Percent instructional ideas, sample activities, and assessment

This page includes information on tasks to facilitate the development of percent: percent related to fractional and decimal equivalents and how they are represented in media and life. This includes ideas for investigation and activities with supporting materials: percent circles, disks, paper folding, area models, measurement models, and number lines to represent values as percent, fractions, and decimals.

Related resources

Worksheet samples:

Equivalent percent, fractions, & decimals

It is really helpful for learners to be able to recognize equivalent fractions and decimals as hundredths and switch from one to another to understand and operate on percents.

Percentage strips, percentage wheels, and other representations can be used to represent equivalent fractional, decimal, and percentage values. Verify their answers by showing the equal the fractional number of fractional parts of in the circle.

Ask. Can you show equivalent fractions?

Give the learners a fraction strip, or other material to use to demonstrate a percentage and its fractional and decimal equivalents.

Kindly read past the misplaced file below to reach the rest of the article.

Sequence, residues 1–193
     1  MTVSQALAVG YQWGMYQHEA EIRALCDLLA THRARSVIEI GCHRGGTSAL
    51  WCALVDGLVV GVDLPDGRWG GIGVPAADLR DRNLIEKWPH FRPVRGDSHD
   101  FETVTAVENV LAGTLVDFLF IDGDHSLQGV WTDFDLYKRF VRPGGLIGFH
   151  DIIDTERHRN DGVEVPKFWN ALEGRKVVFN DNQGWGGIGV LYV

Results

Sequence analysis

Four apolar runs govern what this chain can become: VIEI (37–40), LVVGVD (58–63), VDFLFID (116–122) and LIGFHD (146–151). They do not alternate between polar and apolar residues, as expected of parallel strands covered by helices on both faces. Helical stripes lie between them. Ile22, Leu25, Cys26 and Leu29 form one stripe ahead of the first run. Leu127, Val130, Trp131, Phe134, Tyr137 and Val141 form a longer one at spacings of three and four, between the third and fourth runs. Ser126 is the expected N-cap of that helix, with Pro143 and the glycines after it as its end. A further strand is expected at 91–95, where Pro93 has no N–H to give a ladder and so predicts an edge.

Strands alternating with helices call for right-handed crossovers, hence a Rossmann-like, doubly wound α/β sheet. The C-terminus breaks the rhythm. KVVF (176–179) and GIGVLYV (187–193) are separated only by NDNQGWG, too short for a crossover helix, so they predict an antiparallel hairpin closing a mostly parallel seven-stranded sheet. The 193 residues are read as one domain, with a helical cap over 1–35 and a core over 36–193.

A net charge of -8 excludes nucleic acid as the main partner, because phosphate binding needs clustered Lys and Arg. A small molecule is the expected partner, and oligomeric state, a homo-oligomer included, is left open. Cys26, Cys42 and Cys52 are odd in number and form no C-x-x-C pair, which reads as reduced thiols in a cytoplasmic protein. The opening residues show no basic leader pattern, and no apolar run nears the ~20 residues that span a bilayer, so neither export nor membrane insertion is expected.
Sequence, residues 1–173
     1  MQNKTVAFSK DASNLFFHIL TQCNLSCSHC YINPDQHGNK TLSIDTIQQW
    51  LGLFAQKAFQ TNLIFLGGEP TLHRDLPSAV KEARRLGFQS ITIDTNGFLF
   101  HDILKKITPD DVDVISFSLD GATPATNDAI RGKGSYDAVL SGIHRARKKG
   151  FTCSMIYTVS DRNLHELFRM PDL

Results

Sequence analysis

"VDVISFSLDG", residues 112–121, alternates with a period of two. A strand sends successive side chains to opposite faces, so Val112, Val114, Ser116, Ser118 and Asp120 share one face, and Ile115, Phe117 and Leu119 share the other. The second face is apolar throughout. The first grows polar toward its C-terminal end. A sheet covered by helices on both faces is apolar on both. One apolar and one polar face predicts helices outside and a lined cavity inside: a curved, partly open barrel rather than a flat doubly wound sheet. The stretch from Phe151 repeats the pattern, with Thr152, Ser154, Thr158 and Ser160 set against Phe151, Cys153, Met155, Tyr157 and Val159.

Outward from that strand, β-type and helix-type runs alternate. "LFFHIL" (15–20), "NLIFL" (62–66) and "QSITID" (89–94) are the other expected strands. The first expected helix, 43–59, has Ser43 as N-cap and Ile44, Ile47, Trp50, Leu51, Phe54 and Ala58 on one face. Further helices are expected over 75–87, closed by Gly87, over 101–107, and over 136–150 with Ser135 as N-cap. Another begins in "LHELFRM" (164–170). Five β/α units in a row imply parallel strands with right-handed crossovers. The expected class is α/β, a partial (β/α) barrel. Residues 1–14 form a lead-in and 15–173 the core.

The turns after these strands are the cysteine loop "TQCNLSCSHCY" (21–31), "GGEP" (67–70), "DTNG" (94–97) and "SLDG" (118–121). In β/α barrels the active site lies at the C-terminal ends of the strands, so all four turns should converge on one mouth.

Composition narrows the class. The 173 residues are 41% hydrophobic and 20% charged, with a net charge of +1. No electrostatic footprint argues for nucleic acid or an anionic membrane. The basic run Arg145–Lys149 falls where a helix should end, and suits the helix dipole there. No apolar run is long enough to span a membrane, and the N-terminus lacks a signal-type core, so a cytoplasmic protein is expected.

If they can't prompt them by showing them that the inside circle is 1/4, then ask them if that helps them know what the middle section and outer section is. Then ask what that has to do with equivalent fractions.

Sample activities


Activity sheets

Percentage strips:

What percentages can you represent with a strip?













Percentage strips:

















Percentage strips:

















Percentage circle

Represent percentages with the circle?


Circles to make fraction disks


Percentage Wheel

Fraction disk set up

Cut out each disk. Cut along the radius line. Slide each disk inside the other. Rotate the wheels to show different percentages of a circle.




Percentage chart

What percentages can you represent on the square?



Percentage and 1ooths (.01) charts



Percentage of polka-dots

What percentage of different colors are in this group?

Twelve polka-dots










What is one?


Dr. Robert Sweetland's notes
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